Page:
“Wait,” Celia says. “This is important. I want you to have something neither of us truly had. I want you to have a choice,”
This book is an enigma wrapped in a puzzle wrapped in mystery. What puts people off is the significant lack of plot coherency and it seems to be predominantly held out through the chapters which seem more to be vignettes.
But the plot takes its time. It slowly unfolds, and by the time I finished reading the book last night (4/12/2015) I felt heartsick and sad and squishy all in one. Very vivid, Morgenstern loves to describe food and clothes. Both are recalled vividly, and many times I wanted to take part in the delicious sounding Midnight Dinners! In all seriousness, though, imagine if you went to a restaurant and weren’t allowed to know who the chef was or what he was going to cook for you?! You’d be dicing with both death and your taste buds in equal measure.
The love triangle between Isobel, Marco and Celia was certainly interesting and is a well-trodden path for writers and filmmakers alike. Even though the story seemed somewhat scattered at first, the way it came together at the end was magical. That’s the thing about the magical realism genre. It gives it carte blanche to be that bit more otherworldly.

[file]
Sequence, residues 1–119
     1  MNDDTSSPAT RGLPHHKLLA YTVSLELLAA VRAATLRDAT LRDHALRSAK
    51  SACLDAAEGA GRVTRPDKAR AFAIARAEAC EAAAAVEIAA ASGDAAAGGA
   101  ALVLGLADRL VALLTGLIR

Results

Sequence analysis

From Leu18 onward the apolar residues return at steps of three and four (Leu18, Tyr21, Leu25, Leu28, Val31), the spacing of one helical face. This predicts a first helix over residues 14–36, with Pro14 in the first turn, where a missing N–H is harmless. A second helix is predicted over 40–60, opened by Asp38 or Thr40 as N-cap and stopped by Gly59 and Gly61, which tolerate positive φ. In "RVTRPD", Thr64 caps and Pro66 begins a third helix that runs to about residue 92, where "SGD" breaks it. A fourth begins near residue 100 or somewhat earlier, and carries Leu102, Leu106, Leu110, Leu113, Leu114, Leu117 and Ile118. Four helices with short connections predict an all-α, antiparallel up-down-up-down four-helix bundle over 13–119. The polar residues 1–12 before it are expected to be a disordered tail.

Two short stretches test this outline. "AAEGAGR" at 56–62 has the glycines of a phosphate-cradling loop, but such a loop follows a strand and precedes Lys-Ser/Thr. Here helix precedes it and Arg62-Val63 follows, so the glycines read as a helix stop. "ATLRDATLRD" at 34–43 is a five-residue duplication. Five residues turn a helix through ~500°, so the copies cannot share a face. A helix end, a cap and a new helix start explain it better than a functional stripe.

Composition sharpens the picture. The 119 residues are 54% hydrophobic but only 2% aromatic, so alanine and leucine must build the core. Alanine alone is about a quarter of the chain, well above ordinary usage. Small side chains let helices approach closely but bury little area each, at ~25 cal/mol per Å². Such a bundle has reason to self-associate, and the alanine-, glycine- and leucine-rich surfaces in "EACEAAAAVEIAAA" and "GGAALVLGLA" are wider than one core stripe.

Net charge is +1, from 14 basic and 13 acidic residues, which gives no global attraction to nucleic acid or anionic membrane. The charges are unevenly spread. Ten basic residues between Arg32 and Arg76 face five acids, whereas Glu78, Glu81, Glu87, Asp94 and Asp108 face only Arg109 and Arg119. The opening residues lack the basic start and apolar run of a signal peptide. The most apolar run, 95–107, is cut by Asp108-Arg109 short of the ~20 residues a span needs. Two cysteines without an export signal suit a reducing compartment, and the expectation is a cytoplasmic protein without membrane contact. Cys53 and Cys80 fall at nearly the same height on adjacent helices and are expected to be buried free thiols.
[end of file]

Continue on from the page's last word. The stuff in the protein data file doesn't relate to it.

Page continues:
Now, a seemingly perfect book cannot be truly perfect. All books have flaws in their narrative. But in this instance, I thought that the book was perhaps about 40 pages too long. The narrative could have ended comfortably at the end scene between Marco, Celia and Bailey. Then you would leave the readers that bit of extra time to collect their dignity before choosing another book to read. However, this didn’t completely destroy my faith in the book. The narrative voice made me feel as if I were standing on the edge, watching the narrative unfold as an outsider.
“I made a wish on this tree years ago,” Marco says.
“What did you wish for?” Bailey asks.
Marco leans forward and whispers into Bailey’s ear. “I wished for her,” he says.
MY RATING: **** / *****